A member of the state Parole Board waived his right to a preliminary hearing and bail hearing this afternoon and was sent back to the Albany County Jail.
Chris Ortloff, 61, of Plattsburgh, who served 20 years in the state Assembly, was arrested Monday at a Colonie hotel in a state police sting after he allegedly tried to set up sex with two young girls.
“I didn’t think it was in the best interest of my client to go forward at this time,’ said Andrew Safranko, an attorney who appeared with Ortloff for a bail application hearing in U.S. District Court.
Sanfranko said he had received new information at the “11th hour” from prosecutors and needed time to review it, though he would not disclose the nature of the information. He said there are no new charges filed against Ortloff at this time.
Ortloff, who appeared in court in a yellow jail uniform, was unshaven and told the judge he understood he was waiving his right to a hearing. No date has been set for his next court appearance.
Assistant U.S. Attorney Thomas Spina asked Tuesday to postpone the bail hearing until today so investigators could review any evidence found during searches of Ortloff’s home, his office in Lake Placid, his car and the motel where he was arrested. Spina did not say in court if any new information had been discovered.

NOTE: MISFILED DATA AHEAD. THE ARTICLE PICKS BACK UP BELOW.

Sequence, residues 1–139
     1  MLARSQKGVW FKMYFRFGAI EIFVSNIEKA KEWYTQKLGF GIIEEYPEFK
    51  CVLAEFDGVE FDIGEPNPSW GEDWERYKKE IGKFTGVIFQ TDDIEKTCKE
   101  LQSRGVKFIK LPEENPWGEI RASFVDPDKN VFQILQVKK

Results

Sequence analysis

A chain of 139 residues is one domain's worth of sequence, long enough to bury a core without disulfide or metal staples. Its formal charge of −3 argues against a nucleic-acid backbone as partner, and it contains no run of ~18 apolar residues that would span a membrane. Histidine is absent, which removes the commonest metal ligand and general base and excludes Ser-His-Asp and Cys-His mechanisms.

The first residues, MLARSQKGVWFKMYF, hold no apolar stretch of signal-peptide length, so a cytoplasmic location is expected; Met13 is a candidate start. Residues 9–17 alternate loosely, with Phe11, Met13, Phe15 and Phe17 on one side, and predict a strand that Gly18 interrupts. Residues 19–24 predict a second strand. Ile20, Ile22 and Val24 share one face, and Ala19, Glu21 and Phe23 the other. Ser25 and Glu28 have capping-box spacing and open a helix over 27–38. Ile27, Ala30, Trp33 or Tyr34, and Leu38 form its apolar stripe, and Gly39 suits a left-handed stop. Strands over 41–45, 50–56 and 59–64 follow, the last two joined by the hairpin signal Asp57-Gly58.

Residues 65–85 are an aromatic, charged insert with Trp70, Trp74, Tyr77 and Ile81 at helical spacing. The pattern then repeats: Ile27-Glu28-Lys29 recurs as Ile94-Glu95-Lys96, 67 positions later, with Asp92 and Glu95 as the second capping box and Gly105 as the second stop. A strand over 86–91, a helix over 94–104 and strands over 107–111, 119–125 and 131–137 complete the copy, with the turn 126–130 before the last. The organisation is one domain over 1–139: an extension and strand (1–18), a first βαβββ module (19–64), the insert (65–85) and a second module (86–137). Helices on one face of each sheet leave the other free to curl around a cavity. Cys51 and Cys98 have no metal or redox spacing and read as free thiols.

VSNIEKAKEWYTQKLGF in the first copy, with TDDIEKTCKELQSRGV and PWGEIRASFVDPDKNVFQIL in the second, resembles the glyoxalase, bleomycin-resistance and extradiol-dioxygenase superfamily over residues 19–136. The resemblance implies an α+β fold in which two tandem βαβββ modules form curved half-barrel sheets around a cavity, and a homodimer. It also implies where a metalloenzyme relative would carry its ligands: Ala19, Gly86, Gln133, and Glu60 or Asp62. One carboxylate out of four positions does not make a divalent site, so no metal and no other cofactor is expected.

According to federal court papers, Ortloff has been communicating since June with an undercover state police investigator almost daily by telephone and e-mail. During the conversations, he said he wanted to meet in the Albany area and have sex with what he believed to be 11- and 12-year-old girls. On Sept. 10, 2008, he communicated through the Internet with the investigator and arranged to meet the girls Monday.
If convicted, Ortloff, who is married and has two grown children, faces a mandatory minimum sentence of 10 years in prison and a maximum penalty of life. He could also be fined $250,000.
Then-Gov. George Pataki appointed Ortloff to the parole board in 2006. In that position, he interviewed inmates before voting whether to authorize their release. He was paid $102,000 a year.
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